The Sandys pulled up further down the valley and swept off toward the east. I tried to spot them coming back around with my binoculars but it was useless. The glasses were too powerful, which meant they had a very limited view area. I was just bringing the lenses back down when the fast movers made their pass. The jets, four very distinctive Phantoms with funny markings all over their tails, came straight down the river, just like the Skyraiders had, except they were side by side, their wingtips nearly touching. I didn’t see how many bombs they dropped because I quickly buried my face in the bracken and plugged my ears. I couldn’t afford to be deaf on the battlefield again or we’d have no radio contact at all. The four of us clustered like four frightened little kids. The bombs went off in a rapid string of huge explosions, jarring us inches apart from one another and then slamming us back together. The roar of the plane’s huge turbines whined in octaves above the sharp rumbling shocks of their bombs, and then they were gone.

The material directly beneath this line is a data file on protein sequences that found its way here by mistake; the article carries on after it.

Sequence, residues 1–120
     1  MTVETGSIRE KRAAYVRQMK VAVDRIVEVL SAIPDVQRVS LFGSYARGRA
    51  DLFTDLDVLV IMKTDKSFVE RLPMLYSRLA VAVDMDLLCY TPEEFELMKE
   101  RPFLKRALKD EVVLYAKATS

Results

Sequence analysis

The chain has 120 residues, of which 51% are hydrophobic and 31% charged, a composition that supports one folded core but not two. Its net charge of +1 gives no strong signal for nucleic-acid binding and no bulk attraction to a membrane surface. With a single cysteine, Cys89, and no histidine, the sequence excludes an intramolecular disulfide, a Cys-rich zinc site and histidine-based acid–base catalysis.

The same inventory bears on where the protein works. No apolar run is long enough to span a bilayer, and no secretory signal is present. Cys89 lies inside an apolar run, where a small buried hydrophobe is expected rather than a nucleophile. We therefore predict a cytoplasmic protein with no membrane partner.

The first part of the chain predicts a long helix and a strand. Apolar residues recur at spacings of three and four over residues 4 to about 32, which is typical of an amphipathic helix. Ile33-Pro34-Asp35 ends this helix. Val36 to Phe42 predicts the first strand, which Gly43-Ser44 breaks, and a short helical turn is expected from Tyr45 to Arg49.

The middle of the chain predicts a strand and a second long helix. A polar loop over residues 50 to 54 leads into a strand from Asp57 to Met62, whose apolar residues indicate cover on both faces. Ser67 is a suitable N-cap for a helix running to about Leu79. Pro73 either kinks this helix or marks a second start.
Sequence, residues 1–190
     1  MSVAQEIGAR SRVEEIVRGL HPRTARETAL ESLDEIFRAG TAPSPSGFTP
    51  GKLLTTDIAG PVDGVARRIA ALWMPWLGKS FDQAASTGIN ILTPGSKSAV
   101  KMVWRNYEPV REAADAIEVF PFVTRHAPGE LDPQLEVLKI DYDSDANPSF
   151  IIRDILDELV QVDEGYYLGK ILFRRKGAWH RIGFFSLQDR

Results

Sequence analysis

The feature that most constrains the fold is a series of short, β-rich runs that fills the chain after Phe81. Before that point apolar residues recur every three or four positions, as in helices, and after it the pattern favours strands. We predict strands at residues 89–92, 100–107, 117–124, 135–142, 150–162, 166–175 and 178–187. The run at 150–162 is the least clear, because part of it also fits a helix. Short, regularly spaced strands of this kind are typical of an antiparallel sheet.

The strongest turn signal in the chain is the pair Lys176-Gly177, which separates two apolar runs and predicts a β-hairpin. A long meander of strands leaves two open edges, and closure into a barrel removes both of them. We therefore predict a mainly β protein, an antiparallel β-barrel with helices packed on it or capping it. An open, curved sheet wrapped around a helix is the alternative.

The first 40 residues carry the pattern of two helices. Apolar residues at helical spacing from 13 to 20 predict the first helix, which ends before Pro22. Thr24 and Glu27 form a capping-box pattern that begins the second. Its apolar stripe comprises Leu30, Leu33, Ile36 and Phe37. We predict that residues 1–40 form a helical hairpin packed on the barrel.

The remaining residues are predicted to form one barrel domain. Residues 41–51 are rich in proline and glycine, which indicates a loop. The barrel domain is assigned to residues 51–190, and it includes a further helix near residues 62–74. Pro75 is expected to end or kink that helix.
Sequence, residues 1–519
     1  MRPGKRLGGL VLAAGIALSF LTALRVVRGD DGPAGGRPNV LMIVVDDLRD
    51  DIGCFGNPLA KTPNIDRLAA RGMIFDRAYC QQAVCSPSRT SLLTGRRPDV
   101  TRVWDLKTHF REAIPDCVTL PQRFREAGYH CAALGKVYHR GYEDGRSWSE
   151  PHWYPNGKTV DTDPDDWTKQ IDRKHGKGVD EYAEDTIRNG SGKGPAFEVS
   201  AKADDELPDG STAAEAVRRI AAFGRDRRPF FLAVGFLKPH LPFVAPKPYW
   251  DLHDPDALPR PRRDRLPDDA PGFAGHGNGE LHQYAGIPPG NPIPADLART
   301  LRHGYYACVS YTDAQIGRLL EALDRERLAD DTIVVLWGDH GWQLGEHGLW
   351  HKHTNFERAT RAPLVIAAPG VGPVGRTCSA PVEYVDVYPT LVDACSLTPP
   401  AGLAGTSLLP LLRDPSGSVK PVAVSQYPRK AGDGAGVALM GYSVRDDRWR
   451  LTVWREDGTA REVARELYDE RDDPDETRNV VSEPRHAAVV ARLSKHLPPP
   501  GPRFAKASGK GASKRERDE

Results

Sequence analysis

I breathed out in relief. The bombs from the Sandy and the Phantoms were falling no more than five hundred meters from our position, which was closer than even ‘in contact’ and ‘danger close’ rules of engagement allowed, unless our position was uncertain, which I hoped was not the case.